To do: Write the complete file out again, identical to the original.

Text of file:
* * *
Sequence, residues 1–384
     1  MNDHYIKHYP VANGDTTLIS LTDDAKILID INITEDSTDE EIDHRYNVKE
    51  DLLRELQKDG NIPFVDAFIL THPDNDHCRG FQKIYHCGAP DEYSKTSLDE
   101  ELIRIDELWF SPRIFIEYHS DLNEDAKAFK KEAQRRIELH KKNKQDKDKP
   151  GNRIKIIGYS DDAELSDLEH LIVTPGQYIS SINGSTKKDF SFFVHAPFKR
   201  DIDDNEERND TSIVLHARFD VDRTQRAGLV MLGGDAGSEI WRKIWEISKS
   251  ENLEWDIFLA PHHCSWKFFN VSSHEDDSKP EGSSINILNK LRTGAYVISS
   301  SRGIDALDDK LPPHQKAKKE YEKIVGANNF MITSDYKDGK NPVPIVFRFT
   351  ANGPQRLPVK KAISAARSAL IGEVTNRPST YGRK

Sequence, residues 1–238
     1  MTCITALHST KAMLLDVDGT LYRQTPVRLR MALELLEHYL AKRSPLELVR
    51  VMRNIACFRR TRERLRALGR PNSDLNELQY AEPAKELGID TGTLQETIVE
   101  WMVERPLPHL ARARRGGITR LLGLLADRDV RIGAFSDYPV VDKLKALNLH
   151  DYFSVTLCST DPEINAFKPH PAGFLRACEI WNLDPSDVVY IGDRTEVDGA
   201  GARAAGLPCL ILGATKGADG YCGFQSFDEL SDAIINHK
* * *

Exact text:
Sequence, residues 1–384
     1  MNDHYIKHYP VANGDTTLIS LTDDAKILID INITEDSTDE EIDHRYNVKE
    51  DLLRELQKDG NIPFVDAFIL THPDNDHCRG FQKIYHCGAP DEYSKTSLDE
   101  ELIRIDELWF SPRIFIEYHS DLNEDAKAFK KEAQRRIELH KKNKQDKDKP
   151  GNRIKIIGYS DDAELSDLEH LIVTPGQYIS SINGSTKKDF SFFVHAPFKR
   201  DIDDNEERND TSIVLHARFD VDRTQRAGLV MLGGDAGSEI WRKIWEISKS
   251  ENLEWDIFLA PHHCSWKFFN VSSHEDDSKP EGSSINILNK LRTGAYVISS
   301  SRGIDALDDK LPPHQKAKKE YEKIVGANNF MITSDYKDGK NPVPIVFRFT
   351  ANGPQRLPVK KAISAARSAL IGEVTNRPST YGRK

Sequence, residues 1–238
     1  MTCITALHST KAMLLDVDGT LYRQTPVRLR MALELLEHYL AKRSPLELVR
    51  VMRNIACFRR TRERLRALGR PNSDLNELQY AEPAKELGID TGTLQETIVE
   101  WMVERPLPHL ARARRGGITR LLGLLADRDV RIGAFSDYPV VDKLKALNLH
   151  DYFSVTLCST DPEINAFKPH PAGFLRACEI WNLDPSDVVY IGDRTEVDGA
   201  GARAAGLPCL ILGATKGADG YCGFQSFDEL SDAIINHK